Sacramento

14.8%

-0.9

22.4%

-1.1

7.3%

San Antonio

12.3%

0.1

N/A 

N/A 

5.5%

Orlando

20.9%

-0.9

35.4%

-1.0

10.0%

Cincinnati

19.2%

0.5

35.3%

0.6

4.9%

Cleveland

21.4%

0.7

42.6%

1.5

2.8%

Kansas City

20.9%

0.2

42.8%

0.8

5.7%

Las Vegas

26.4%

-1.4

40.6%

-1.1

10.7%

San Jose

4.0%

-0.5

7.0%

-1.0

10.1%

Columbus

17.6%

0.0

36.0%

0.1

5.2%

Charlotte

16.3%

-0.2

25.9%

-0.9

5.5%

Indianapolis

18.3%

0.3

N/A 

N/A 

-1.1%

Austin

7.9%

-0.1

N/A 

N/A 

11.1%

About Zillow Research

Zillow® is the leading real estate and rental marketplace dedicated to empowering consumers with data, inspiration and knowledge around the place they call home, and connecting them with the best local professionals who can help. In addition, Zillow operates an industry-leading economics and analytics bureau led by Zillow's Chief Economist Dr. Stan Humphries. In 2015, Dr. Humphries co-wrote and published the New York Times' bestselling "Zillow Talk: The New Rules of Real Estate." Dr. Humphries and his team of economists and data analysts produce extensive housing data and research covering more than 450 markets at Zillow Real Estate Research. Zillow also sponsors the quarterly Zillow Home Price Expectations Survey, which asks more than 100 leading economists, real estate experts and investment and market strategists to predict the path of the Zillow Home Value Index over the next five years. Zillow also sponsors the bi-annual Zillow Housing Confidence Index (ZHCI) which measures consumer confidence in local housing markets, both currently and over time. Launched in 2006, Zillow is owned and operated by Zillow Group (NASDAQ: Z), and headquartered in Seattle.

Zillow is a registered trademark of Zillow, Inc.


[i] The data in the Zillow Negative Equity Report incorporates mortgage data from TransUnion, a global leader in credit and information management, to calculate various statistics. The report includes, but is not limited to, negative equity, loan-to-value ratios, and delinquency rates. To calculate negative equity, the estimated value of a home is matched to all outstanding mortgage debt and lines of credit associated with the home, including home equity lines of credit and home equity loans. All personally identifying information ("PII") is removed from the data by TransUnion before delivery to Zillow. Overall, this report covers more than 870 metros, 2,400 counties, and 23,000 ZIP codes across the nation.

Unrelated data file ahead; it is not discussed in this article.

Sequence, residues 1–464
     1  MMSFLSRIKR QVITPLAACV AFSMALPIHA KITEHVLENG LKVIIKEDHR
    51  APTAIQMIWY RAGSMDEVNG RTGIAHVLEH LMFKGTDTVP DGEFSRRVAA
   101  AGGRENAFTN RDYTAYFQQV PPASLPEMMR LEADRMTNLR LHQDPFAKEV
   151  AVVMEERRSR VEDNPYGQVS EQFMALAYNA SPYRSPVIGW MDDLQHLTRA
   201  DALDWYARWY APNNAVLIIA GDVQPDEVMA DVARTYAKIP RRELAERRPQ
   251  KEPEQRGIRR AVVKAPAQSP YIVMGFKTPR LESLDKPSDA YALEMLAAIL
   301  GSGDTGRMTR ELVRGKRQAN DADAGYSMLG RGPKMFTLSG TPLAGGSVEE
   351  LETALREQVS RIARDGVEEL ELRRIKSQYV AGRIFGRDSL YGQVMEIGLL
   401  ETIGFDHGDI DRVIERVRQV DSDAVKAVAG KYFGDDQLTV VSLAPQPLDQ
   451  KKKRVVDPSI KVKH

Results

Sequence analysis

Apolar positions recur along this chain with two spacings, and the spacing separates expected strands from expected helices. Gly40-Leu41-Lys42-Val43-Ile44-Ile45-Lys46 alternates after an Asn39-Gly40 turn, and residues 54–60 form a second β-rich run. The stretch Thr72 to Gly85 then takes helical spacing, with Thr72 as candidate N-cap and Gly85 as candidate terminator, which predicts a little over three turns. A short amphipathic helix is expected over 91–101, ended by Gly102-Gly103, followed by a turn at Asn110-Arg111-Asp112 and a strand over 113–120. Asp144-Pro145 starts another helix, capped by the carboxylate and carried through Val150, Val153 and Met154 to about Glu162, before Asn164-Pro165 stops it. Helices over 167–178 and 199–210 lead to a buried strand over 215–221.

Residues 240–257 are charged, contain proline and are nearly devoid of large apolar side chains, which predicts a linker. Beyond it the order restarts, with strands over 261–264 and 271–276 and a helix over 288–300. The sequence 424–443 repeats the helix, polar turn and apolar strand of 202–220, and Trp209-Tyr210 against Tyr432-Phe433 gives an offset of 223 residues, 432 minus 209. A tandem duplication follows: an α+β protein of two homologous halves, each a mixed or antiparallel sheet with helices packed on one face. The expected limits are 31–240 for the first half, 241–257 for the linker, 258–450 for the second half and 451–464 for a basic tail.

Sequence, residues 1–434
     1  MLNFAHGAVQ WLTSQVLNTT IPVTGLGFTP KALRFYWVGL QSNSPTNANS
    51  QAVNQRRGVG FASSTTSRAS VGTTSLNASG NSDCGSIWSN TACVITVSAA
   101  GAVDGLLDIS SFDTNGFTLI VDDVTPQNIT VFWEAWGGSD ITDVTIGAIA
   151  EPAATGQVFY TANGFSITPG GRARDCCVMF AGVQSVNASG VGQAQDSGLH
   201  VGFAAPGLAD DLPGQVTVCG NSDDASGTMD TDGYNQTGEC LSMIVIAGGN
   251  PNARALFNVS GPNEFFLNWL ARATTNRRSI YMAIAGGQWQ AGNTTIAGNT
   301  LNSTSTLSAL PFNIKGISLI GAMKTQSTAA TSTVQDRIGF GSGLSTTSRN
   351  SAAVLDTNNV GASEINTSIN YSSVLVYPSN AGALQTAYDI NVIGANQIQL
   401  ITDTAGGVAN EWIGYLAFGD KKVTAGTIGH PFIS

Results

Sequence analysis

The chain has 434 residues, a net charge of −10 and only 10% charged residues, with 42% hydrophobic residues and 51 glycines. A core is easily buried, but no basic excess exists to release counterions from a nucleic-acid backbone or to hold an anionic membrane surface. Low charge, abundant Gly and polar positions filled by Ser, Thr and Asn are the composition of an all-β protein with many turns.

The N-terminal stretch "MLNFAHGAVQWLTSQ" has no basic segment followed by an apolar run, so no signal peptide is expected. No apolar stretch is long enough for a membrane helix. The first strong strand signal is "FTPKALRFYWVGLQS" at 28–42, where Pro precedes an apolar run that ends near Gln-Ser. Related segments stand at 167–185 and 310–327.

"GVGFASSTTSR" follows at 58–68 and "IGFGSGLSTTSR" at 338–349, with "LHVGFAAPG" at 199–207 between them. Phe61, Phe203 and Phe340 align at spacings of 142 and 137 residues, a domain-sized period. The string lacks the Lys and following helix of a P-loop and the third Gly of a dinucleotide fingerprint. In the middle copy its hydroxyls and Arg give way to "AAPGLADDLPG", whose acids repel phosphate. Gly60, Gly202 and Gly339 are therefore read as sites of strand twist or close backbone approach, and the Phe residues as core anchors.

[ii] "Low-end homes" are homes valued in the bottom third of home values for their market.

[iii]The Zillow Negative Equity Forecast is a conservative estimate of what negative equity rates will be a year from now. To forecast negative equity, we take the current home value of a house and appreciate it by the Zillow Home Value Forecast (ZHVF) for the MSA in which the home is located. In cases where there is no ZHVF available, we use the historical rate of home appreciation, and for metros that don't have a historical rate of appreciation, we use the historical rate of inflation at the national level. For homes that are not located in a metropolitan area, we use the forecasted national rate of appreciation. To calculate the level of home equity a year from now, we use the forecasted home value and the current outstanding debt balance, where we make no assumptions about a homeowner's debt level a year from now. We also make no assumptions about foreclosure activity in the coming year. Therefore, this forecast is a very conservative one, as homeowners will likely continue to pay down their debt throughout the year and homes will likely continue to be foreclosed on, and both of these factors will contribute to a lower negative equity rate. The Zillow Negative Equity Forecast can therefore be considered a higher bound estimate of negative equity.

 

To view the original version on PR Newswire, visit:http://www.prnewswire.com/news-releases/underwater-homeowners-sink-deeper-even-as-home-values-rise-300053532.html

SOURCE Zillow

For further information: Emily Heffter, Zillow, 206-757-2701 or press@zillow.com


rss